The Ride to Lexington
On April 18, 1775, it was pretty clear the British were antsy to attack. A patriot named Joseph Warren confirmed through a secret source -- often thought to be the British general's wife -- that the British were planning to arrest patriot leaders Samuel Adams and John Hancock and then attack the stores of supplies in Concord. Warren sent for William Dawes and Paul Revere, and the midnight ride was set into motion.
British patrols were posted along the roads, which is why more than one messenger was used for the mission. If one failed, the other could get through. Joseph Warren sent first for William Dawes, directing him to take the land route out of Boston. He was to alert the towns of Roxbury, Cambridge and Menotomy (now Arlington) on his way to Lexington, where he was to warn Samuel Adams and John Hancock of the impending threat.
Dawes had made a few rides for the freedom fighters, but he was not as well known as Revere. Therefore, he was less likely to be stopped. He traveled frequently and had befriended British guards -- guards who may have helped slip him through the checkpoints that night. Dawes was also a good actor. He'd disappear beneath a big hat and affect the voice of a drunk or a country farmer to allay suspicions. He left Boston around 9:30 p.m.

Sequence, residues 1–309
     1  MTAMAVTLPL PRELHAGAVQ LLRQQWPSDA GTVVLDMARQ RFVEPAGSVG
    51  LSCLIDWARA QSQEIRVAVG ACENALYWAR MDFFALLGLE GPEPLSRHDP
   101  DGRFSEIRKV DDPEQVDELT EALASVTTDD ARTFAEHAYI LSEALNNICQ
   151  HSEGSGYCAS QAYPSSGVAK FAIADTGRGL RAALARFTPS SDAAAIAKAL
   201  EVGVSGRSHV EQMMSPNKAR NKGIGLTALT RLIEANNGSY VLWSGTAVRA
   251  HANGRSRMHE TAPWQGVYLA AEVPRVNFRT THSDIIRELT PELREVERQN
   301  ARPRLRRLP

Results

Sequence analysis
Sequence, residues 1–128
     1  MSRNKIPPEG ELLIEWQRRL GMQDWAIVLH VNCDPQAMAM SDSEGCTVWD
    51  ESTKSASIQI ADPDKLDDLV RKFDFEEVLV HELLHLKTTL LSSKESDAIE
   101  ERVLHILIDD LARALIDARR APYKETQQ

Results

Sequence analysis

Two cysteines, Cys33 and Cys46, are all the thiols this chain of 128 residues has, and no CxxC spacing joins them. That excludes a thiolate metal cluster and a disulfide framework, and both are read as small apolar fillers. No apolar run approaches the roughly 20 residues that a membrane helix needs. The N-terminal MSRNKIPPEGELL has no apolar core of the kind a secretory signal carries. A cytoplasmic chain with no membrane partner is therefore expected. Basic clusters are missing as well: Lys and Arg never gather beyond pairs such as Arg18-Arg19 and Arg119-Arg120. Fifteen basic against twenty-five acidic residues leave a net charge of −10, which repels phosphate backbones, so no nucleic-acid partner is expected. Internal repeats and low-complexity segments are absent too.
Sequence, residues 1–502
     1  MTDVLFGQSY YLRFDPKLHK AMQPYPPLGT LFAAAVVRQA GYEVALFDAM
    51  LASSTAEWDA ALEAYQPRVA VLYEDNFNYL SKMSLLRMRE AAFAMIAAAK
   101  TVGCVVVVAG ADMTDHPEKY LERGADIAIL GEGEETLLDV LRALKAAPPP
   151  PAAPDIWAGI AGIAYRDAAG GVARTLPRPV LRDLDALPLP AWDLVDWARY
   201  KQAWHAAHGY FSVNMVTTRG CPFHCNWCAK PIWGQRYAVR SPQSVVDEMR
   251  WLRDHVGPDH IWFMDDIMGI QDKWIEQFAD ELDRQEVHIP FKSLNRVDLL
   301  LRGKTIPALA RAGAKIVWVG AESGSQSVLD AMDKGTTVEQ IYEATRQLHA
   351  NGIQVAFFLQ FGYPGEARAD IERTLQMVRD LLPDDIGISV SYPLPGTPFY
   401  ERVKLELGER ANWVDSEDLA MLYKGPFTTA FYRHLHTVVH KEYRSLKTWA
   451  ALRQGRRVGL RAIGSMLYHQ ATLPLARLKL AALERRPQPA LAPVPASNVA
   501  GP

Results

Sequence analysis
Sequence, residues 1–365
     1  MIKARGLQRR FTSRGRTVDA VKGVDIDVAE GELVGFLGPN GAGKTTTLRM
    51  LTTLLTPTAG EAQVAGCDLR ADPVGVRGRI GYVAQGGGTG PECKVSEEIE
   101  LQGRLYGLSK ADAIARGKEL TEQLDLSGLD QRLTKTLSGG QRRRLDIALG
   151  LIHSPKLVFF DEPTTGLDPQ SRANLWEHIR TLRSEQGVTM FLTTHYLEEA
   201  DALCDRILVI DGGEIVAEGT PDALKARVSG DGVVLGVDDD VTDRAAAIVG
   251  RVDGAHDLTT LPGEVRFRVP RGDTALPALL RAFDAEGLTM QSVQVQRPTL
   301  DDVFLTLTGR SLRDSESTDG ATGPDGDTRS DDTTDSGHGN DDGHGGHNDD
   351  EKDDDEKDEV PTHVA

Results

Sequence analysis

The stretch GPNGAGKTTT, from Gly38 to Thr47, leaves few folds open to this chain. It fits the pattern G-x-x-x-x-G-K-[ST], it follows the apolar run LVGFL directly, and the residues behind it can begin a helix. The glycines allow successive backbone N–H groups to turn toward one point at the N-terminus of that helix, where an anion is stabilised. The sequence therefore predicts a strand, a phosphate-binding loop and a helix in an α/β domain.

A half-hour later, Warren sent for Paul Revere. He sent Revere to warn Adams and Hancock by the water route; Revere was to cross the Charles River and then continue on horseback to Lexington. First, Revere needed to carry out some arrangements he'd already made to alert Charlestown of any British movement. He contacted the church's sexton to hold up two lanterns, indicating that the British were going by water.
Two friends rowed Revere across the bay, paddling around warships. On the other side, the patriots were ready for him, having received his signal. He borrowed a horse and set off for Lexington, dodging British patrols and waking up the villages he passed along the way.
Revere arrived in Lexington around midnight to alert Samuel Adams and John Hancock. They were at first concerned that Dawes had not arrived yet, but he showed up about a half-hour later. The men went to a tavern for an hour, where they decided that the true aim of the British was to attack the supplies at Concord and not the patriots in Lexington. Saddling up again, Revere and Dawes headed out to warn Concord, as well as the homes along the way.
To learn how Samuel Prescott joined the ride and about Revere's run-in with British troops, go to the next page.